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'Friendsgiving' is as unfulfilling as Tofurky

<p>Like a plate of gravy, "Friendsgiving" is shallow, bland and hardly worth gathering for on the holiday.&nbsp;</p>

Like a plate of gravy, "Friendsgiving" is shallow, bland and hardly worth gathering for on the holiday. 

Oh, how I long for the days where I could argue with my best friend in person. How magnificent it’ll feel to see the look on her face after making fun of her in real time, without the eight-second lag and frozen Zoom screen. Glorious. 

Nicol Paone’s film “Friendsgiving” captures this nostalgia for those beautiful pre-COVID times where large gatherings and face-to-face connection were still possible. The film’s crowded dinner table and packed kitchen managed to bring me back to November of 2019. (What a time!) A majority-female cast, a female-centered story and female writer-director also served as a hopeful reminder of the slow, yet persistent progress to close the gender gap in the entertainment industry. Unfortunately, that is the extent to which I can praise this film. While “Friendsgiving” aspires to capture love and camaraderie among friends, the film feels more like a caricature of Los Angelenos and a shallow attempt at showing real relationships. I strongly recommend that you do not spend your precious time or money on this unfulfilling nod to friendsgiving, a holiday that shall remain sacred.

The dramatic-comedy centers around Hollywood actress Molly (Malin Akerman) and her best friend Abby (Kat Dennings) as they deal with their recent heartbreaks in the midst of the holiday season. Molly is recently divorced with a newborn child, and Abby, who came out as a lesbian at age 30, has just been dumped by her first girlfriend. Both agree to a casual Thanksgiving dinner with just the two of them, but when Molly invites her new boyfriend Jeff (Jack Donelly), the cracks in their friendship are exposed, the floodgates open and the steady stream of colorful guests begins.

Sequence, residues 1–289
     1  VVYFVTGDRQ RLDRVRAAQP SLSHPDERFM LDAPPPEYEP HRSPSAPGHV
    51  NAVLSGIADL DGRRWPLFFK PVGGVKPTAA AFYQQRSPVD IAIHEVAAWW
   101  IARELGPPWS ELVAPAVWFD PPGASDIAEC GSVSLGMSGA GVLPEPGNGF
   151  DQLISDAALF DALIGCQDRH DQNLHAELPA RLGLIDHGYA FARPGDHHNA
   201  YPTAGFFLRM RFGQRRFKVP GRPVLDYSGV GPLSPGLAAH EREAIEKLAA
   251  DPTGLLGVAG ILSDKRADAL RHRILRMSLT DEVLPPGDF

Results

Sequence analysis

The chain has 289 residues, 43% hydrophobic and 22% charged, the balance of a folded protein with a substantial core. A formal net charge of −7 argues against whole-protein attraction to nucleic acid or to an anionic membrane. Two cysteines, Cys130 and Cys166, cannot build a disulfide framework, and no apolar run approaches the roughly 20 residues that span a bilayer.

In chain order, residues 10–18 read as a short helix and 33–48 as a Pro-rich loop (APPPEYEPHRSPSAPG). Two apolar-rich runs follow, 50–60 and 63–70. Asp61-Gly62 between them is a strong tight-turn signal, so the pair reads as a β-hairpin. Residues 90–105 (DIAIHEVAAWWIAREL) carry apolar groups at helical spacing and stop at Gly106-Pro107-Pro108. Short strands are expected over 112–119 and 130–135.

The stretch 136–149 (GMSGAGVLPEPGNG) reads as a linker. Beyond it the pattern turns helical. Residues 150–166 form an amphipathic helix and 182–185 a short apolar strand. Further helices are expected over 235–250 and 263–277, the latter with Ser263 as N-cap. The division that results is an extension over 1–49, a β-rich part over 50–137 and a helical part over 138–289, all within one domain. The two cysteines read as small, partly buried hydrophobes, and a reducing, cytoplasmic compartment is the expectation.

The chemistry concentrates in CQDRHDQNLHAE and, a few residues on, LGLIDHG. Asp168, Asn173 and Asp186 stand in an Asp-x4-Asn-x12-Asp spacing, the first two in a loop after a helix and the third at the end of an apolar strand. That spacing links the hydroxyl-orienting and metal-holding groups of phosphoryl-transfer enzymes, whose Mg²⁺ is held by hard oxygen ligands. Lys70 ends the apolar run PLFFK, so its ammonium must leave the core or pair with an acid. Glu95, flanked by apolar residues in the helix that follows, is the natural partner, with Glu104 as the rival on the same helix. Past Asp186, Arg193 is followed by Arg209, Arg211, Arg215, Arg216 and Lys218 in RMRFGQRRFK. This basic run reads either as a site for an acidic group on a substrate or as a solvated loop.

We meet the recently-certified shaman Claire (Chelsea Peretti), along with obnoxiously superficial Rick and his wife Brianne (Christine Taylor), who is incapable of speech due to Botox overkill. Each brings a different level of stereotypical Hollywood to the dinner table, and each characters’ relation to the hosts is more ambiguous than the last. 

Molly’s cougar mother Helen (Jane Seymour) makes a surprise appearance, criticizing Molly’s handling of her divorce, raising of her newborn and hosting of the Thanksgiving gathering. By the end of the hour-and-a-half, we are left with the relatively mended pieces of Molly and Abby’s relationship, Molly and Helen’s relationship and a heaping serving of dissatisfaction. The moments intended to be dramatic fall flat due to the lack of context and backstory. Oh yes, and somewhere in the midst of the shenanigans, Abby does shrooms and sees her “fairy gay mothers” played by Wanda Sykes, Fortune Feimster and Margaret Cho.  

It is no surprise that with the introduction of so many characters and complicated relationships, not one of them is examined beyond its surface. The chemistry between Molly and Abby, who are supposedly best friends, is non-existent, which is especially disappointing for a film about friendship. The movie poster, a photoshopped collage of the characters’ faces, reveals a lot about its subjects: they are two-dimensional, and while they occupy the same space, they don’t actually interact. There is a vague college reunion feel, yet we never really get any explanation as to how any of the attendees ended up at Molly and Abby’s dinner. 

Many of the supporting characters take on a likeness to caricatures of typical Hollywood personalities. Chelsea Peretti, whose priceless comedic arrogance on “Brooklyn Nine-Nine” attracted me to this movie in the first place, portrays a blatantly cartoon-like, inner-peace-obsessed hippie whoses only personality trait is being a shaman. Christine Taylor, whose humor complemented “Friends,” “The Wedding Singer” and “Zoolander,” does not even have any dialogue. These actors and characters had potential to intensify the hilarity and deepen the film, yet they were quite underutilized. Even Molly, whom the entire story revolves around, is difficult to empathize with. I felt no investment in any of her struggles because the writing was not rooted in any consistent characterization. 

If you find this adamant criticism of an innocent Thanksgiving movie unnecessary, you are not wrong. But Thanksgiving is the best holiday of the year (unpopular opinion, I know), and us Thanksgiving die-hards deserve a solid movie to accurately reflect the joys and miseries and family and friends that are so embedded in this day. “Mickey’s Christmas Carol” practically raised me, and “Elf” taught me how to spread Christmas cheer, so it is high time that Hollywood grace us with the production of a good Thanksgiving film. As of right now, my list of Thanksgiving classics consists of “A Charlie Brown Thanksgiving” and the classic “Friends” episode “The One with the Football.” If you are looking for a cringeworthy Thanksgiving movie that will leave you unfulfilled, perhaps to put on while folding laundry or vacuuming your floors, then go right ahead. Be my guest and watch this film. As for my watch-list, however, “Friendsgiving” will not be securing a spot. 

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